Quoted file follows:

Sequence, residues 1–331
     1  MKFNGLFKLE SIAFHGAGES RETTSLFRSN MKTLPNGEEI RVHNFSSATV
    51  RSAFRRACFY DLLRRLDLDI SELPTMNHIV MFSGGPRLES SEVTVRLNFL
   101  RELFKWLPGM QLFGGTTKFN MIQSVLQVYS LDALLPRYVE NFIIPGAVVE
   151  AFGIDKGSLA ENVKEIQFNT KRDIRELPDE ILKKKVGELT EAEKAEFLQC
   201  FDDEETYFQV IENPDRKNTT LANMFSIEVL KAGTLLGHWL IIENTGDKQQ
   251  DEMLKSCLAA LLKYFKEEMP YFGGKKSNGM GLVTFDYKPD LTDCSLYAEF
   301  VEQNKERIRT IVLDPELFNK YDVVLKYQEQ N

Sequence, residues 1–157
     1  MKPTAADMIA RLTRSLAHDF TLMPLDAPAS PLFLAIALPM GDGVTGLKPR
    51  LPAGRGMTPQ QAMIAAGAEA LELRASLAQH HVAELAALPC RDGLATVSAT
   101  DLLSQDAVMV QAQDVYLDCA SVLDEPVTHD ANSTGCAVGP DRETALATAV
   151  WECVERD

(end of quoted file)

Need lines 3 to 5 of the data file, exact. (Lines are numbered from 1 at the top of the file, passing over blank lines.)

    51  RSAFRRACFY DLLRRLDLDI SELPTMNHIV MFSGGPRLES SEVTVRLNFL
   101  RELFKWLPGM QLFGGTTKFN MIQSVLQVYS LDALLPRYVE NFIIPGAVVE
   151  AFGIDKGSLA ENVKEIQFNT KRDIRELPDE ILKKKVGELT EAEKAEFLQC